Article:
Yes, in many cases, according to new research. Workers who get paid daily, whether through their normal salary agreement or by accessing their pay in advance via an app, often spend more money than workers who receive their pay in more traditional instalments. one or two weeks.
The rise of new personal finance technologies and the gig economy means workers can increasingly access their pay more frequently. Some fintech apps such as DailyPay, whose clients include big companies like Big Lots Inc.
-Allow you to get paid daily, although these apps often charge a fee for this service. Some gig-economy companies also offer workers the option of getting paid daily. Uber, for example, offers its employees the option of getting paid up to five times a day.
Early access to one’s salary and daily salary payments are often marketed to low-income people as a way to avoid late bill payments and bank overdraft fees.
According to the new research, receiving daily paychecks appears to encourage people to spend more money than those who get paid less frequently. “When people get paid more frequently, they tend to spend more on markups, perhaps buying a latte when they otherwise wouldn’t,” says Wendy De La Rosa, assistant professor at Wharton School of the University of Pennsylvania and co-author of the study. Professor De La Rosa adds that study participants said receiving daily paychecks made them feel wealthier and more secure in their ability to cover expenses.
On average, workers paid every day of the week spent about $18.56 more per month than workers paid once a week and $20.65 more than workers paid biweekly. Workers paid daily also had more expenses.
While the researchers found a correlation between frequent paychecks and increased spending, they were unable to disentangle causality from the data. So they did a series of lab experiments to better understand the relationship.
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In one experiment, participants were either paid $140 per weekday or $1,400 every two weeks. All participants started with $875 in their checking accounts and were then asked to make 28 spending decisions, one for each day of the simulation. Throughout the experiment, participants could see the balance of their checking accounts.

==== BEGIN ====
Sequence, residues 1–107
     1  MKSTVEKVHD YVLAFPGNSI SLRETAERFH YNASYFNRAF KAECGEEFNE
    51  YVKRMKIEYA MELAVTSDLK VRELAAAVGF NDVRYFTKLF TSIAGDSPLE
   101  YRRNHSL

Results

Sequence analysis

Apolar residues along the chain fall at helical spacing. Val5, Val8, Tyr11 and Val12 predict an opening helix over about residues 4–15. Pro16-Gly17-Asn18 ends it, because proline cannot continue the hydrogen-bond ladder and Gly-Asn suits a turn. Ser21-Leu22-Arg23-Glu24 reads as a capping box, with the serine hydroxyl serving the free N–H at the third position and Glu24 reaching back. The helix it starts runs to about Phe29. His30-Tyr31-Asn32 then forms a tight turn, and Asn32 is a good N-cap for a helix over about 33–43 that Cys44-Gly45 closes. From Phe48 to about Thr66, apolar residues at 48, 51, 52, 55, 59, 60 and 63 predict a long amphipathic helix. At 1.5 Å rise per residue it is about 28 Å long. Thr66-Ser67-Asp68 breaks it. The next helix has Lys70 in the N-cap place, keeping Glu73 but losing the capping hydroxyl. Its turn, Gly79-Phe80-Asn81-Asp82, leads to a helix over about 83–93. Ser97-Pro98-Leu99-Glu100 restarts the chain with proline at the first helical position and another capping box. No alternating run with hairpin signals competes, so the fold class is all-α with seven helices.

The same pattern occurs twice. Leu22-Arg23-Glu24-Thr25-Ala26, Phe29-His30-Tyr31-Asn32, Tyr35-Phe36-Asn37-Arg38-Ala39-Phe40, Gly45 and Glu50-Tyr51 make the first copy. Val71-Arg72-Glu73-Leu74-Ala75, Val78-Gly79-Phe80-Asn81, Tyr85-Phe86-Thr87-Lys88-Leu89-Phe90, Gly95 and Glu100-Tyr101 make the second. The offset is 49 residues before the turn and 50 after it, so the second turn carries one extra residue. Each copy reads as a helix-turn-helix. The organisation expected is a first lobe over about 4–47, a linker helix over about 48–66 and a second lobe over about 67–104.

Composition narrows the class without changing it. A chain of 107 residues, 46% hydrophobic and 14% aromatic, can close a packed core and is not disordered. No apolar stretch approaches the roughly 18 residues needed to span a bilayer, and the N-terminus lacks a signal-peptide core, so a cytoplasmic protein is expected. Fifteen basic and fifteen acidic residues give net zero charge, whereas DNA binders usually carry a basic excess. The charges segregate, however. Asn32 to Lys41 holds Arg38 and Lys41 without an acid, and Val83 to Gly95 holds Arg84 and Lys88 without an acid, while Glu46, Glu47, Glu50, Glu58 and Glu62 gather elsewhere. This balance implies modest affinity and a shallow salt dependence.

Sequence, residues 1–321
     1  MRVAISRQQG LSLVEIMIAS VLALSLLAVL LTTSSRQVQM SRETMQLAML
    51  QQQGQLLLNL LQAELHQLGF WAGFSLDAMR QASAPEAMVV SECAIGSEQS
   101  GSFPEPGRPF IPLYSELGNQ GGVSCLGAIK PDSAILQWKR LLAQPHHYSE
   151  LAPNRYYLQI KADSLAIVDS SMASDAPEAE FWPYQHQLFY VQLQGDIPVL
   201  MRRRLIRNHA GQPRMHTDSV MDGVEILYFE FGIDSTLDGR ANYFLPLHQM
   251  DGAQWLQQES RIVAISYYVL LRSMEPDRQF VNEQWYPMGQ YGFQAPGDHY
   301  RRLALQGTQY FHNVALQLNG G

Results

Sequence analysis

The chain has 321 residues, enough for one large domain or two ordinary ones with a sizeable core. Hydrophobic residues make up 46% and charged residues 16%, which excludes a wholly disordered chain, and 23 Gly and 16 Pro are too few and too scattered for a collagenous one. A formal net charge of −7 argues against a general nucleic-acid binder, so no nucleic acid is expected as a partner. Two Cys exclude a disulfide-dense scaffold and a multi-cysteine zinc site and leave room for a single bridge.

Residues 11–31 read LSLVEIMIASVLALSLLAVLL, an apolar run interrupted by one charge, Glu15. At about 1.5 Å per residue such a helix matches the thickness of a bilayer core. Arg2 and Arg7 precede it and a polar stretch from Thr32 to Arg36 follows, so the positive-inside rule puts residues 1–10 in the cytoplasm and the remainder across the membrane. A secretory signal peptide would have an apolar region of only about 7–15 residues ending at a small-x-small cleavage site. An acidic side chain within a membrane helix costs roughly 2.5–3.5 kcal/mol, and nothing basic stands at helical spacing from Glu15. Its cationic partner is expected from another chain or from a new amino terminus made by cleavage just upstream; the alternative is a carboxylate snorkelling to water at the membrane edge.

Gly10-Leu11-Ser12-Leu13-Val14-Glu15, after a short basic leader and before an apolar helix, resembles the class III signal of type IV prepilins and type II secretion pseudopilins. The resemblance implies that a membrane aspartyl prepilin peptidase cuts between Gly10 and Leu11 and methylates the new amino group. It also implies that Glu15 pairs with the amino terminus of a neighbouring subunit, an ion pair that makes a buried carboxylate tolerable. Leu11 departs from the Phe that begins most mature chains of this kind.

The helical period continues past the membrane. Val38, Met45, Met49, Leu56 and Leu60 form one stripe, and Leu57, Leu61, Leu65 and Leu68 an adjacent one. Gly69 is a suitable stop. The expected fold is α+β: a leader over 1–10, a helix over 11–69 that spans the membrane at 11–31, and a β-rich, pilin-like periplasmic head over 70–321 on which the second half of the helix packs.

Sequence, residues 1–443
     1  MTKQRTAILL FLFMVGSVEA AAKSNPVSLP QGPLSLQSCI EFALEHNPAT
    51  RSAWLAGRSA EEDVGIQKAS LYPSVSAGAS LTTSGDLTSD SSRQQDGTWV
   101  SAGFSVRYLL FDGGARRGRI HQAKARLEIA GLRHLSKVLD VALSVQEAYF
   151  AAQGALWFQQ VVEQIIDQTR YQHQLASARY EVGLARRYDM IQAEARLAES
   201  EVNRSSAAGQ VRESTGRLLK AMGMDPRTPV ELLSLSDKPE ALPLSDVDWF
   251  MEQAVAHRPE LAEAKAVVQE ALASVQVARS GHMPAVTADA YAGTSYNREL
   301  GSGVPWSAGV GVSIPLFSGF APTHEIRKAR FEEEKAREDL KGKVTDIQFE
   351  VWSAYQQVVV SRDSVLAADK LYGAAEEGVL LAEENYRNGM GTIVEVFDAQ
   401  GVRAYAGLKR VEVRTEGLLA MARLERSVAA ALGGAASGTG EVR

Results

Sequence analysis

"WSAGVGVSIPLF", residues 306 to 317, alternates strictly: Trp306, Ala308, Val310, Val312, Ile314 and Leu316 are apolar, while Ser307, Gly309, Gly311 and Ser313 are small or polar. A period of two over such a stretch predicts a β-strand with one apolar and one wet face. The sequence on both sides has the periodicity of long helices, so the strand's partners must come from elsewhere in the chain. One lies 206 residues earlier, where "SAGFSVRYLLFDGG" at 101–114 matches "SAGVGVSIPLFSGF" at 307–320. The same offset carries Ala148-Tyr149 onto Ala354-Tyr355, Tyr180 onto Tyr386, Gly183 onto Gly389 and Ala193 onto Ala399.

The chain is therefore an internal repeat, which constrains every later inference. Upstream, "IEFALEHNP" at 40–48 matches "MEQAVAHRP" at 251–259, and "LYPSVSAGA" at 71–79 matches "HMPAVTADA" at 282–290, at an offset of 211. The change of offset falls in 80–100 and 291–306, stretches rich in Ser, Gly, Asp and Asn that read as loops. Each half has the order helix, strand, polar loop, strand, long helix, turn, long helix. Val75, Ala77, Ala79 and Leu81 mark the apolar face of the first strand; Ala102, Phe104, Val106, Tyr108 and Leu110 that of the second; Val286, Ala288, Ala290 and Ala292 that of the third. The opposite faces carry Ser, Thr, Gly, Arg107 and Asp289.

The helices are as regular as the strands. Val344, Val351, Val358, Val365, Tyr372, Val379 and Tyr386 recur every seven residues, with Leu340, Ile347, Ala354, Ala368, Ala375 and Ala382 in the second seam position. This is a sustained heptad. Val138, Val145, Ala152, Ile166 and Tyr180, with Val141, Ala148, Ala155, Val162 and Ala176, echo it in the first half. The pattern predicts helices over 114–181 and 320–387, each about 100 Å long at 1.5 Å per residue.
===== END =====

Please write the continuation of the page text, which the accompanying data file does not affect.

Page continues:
Participants were asked to make decisions about covering basic expenses, such as: “Your heating bill is due. You owe $95. What are you doing?” They were also asked to make discretionary spending decisions, including, “You’ve had a tough few days. You can cook dinner at home or order takeout for $45 for the family. What do you do?” The authors found that participants paid daily spent more money than participants paid biweekly, at $2,919.58 versus $2,816.52.
After the experiment, the authors asked the participants if they felt like they had a lot of money during the experiment. People with daily paychecks subjectively felt wealthier, even though they often had lower daily balances in their checking accounts throughout the experiment.
The authors also found that people who were paid daily felt more confident that they had enough money to pass the simulation.
One of the main implications of the study is that workers need to be more aware of what it costs them to receive daily paychecks. Some workers pay fees to access their paychecks on a daily basis, which can further erode savings in combination with the observed tendency to also spend more. Daily payroll costs could in some cases exceed the interest rates charged on payday loans, says Professor De La Rosa.
Prof. De La Rosa plans to follow up on this article by studying whether daily-paid workers can be incentivized to save part of their salary. The idea, she says, is that since more frequent paychecks make people feel subjectively wealthier, they might be more willing to set aside a higher percentage of their paycheck than they would. other.
“Liquidity changes can really change people’s mindset,” she says.
Ms. Ward is a writer in Vermont. You can email him at [email protected]
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